Rhonda Patrick, Ph.D Workout and Diet
Rhonda Patrick has a Ph.D in biomedical science. She has done extensive research in the fields of nutrition, aging and metabolism. She believes in a proactive, preventative approach to healthy, longevity and aging. She is married and has a baby.
Rhonda Patrick’s Diet
Patrick is an advocate of nutrigenomics, meaning she bases her food intake on her individual genetic needs. She has a micronutrient-rich green smoothie every morning and her diet is whole foods-based with a heavy emphasis on organic vegetables. She engages in intermittent fasting.
- Medium Protein 40% 40%
- Medium Fat 40% 40%
- Medium Carb 40% 40%
Patrick uses evidence-based research for all her dietary decisions, and when to eat is one of them. She tries to eat within a 10-hour window each day. Restricted hours of eating has been shown to improve insulin sensitivity, and decrease blood pressure and oxidative stress.
Refined Foods Need Not Apply
Patrick believes the single most important dietary change Americans can make is to cut out all refined sugars.
Smoothies for the Win
Patrick is big on vegetable smoothies. She has one every morning. With a green smoothie, even if the rest of your meals aren’t fabulous, you have covered your bases by having one veggie-rich smoothie, no cooking skills necessary. Here are links to Patrick’s: smoothie 1, smoothie 2.
Eat Your Broccoli (Sprouts)
Patrick eats broccoli sprouts every day because of the protective effect a component called sulforaphane has on genes.
What to Eat
Organic leafy greens
What to Avoid
Patrick on fasting
‘There’s evidence…that if you consume black coffee within the fasting window, there’s still positive effects happening.’
Patrick on what to eat first thing
‘Eat some protein to raise your IGF-1 levels, as well as some carbs because carbs allow for IGF-1 to be more bioavailable.’
Patrick on optimal eating
‘Time-restricted eating involves eating when your metabolism is optimal. You’re eating within your circadian biology[…]’
Rhonda Patrick’s Workout Routine
Run For Endurance
Endurance exercises help your muscle cells produce ATP and prevent a decline in respiratory capacity. Patrick’s endurance training of choice is running.
High Intensity Training
Exercising at a high level of intensity increases the amount of young, healthy mitochondria that your body makes. Patrick takes spinning classes and does squat jumps.
Lifting weights will maintain and increase your muscle mass, power, and strength which would otherwise decline. It also improves insulin sensitivity. Patrick does lunges, squats and lifts weights.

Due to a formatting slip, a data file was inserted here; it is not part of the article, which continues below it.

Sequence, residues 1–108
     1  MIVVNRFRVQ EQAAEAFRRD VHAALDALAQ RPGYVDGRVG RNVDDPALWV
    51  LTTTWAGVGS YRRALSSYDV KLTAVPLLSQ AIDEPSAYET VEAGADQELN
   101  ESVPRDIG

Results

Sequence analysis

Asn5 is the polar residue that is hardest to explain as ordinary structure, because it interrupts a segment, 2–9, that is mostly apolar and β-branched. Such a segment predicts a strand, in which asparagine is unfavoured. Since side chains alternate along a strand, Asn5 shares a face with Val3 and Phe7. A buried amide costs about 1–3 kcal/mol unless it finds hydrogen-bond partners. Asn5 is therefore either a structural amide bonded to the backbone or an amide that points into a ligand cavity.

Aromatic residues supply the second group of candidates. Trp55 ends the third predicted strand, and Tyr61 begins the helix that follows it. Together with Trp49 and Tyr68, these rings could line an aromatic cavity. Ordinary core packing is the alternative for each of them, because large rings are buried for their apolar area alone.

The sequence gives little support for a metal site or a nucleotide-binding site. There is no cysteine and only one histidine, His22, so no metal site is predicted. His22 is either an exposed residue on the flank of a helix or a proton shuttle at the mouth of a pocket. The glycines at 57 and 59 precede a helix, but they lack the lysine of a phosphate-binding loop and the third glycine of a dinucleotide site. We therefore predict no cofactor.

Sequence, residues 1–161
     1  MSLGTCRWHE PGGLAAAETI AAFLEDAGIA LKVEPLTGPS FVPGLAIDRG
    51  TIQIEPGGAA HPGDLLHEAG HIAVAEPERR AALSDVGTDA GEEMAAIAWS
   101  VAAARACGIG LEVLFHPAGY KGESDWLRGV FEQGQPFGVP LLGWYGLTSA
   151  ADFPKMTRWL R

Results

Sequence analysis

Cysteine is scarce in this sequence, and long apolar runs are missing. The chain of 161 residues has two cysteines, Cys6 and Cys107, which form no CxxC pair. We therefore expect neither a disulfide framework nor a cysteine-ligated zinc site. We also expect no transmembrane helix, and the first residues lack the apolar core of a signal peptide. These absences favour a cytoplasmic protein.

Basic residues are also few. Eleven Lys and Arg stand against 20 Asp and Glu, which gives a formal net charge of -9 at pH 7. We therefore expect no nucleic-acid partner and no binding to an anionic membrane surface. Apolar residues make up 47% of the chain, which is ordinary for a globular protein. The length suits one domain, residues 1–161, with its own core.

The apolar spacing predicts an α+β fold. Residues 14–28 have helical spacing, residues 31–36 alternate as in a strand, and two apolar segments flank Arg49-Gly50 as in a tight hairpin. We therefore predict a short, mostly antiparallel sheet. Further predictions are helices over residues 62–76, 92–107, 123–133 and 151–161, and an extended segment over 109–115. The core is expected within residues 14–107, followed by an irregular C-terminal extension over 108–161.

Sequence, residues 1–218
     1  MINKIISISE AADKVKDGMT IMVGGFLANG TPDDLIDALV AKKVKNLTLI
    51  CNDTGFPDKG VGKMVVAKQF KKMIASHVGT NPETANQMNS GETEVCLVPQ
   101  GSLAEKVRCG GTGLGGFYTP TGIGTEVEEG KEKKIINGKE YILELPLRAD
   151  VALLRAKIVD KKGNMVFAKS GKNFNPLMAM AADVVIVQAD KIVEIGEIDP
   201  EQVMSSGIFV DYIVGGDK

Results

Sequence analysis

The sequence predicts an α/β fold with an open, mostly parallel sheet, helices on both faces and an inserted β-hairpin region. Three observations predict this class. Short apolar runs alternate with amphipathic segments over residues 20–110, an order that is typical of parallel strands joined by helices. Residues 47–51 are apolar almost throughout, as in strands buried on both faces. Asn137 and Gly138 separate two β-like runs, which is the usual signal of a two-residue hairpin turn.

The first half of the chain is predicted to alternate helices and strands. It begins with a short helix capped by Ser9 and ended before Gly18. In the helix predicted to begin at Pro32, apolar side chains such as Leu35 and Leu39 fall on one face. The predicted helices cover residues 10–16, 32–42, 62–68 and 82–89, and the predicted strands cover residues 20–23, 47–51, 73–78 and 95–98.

Besides being able to pick up things off the floor without letting out an embarrassing groan, stretching has been shown to slow tumor growth in animal studies. Patrick does yoga and ballet exercises to stay flexible.
Patrick says that endurance, high intensity and strength training are all essential to slow aging of muscles. Even if started in middle age, aerobic exercise can almost reverse changes in the brain due to aging.
Don’t Get Comfortable
Patrick says it’s important to realize that we need all different types of exercise to keep our cells healthy.
Pump It Up
Patrick lifts and does her resistance and strength training 2-3 times per week.
Patrick on exercise while fasting
‘Training in the fasted state seems to be beneficial — unless you’re doing intense anaerobic exercise.’
Patrick on the importance of exercise
‘Aerobic exercise seems to be really important for Alzheimer’s prevention…and it has also been shown to activate the lymphatic system[…]’
Rhonda Patrick’s Supplements
Rhonda Patrick’s Lifestyle
Sleep for Sanity
Patrick says that sleep is one of the best ways to clear amyloid plaques (which cause dementia).
Sauna for Stress & More
Patrick has noticed that using a sauna reduces her anxiety and increases her ability to deal with stress. It also offers protective effects against Alzheimer’s, can promote muscle growth, and increase insulin sensitivity. She uses a sauna 4-7 times per week.
Go For the Cold
Patrick is also a proponent of cryotherapy to decrease inflammation, and increase metabolism and immune function.
Stressbuster #2: Meditation
Mindfulness is great for reducing stress, which in turn positively impacts your digestion, immune system, and rate of aging. It also improves your awareness about decisions and promotes empathy and compassion.
Patrick on hot yoga
‘A lot of people are hooked on hot yoga and I’m convinced because it’s an anti-depressive strategy.’
Patrick on stress
‘Our bodies are beautifully designed to handle all types of stress; but our genes have to be working. They have to have the right nutrients.’
Patrick on figuring it all out
‘Life is like a series of challenges to perfect the functioning of who you are.’
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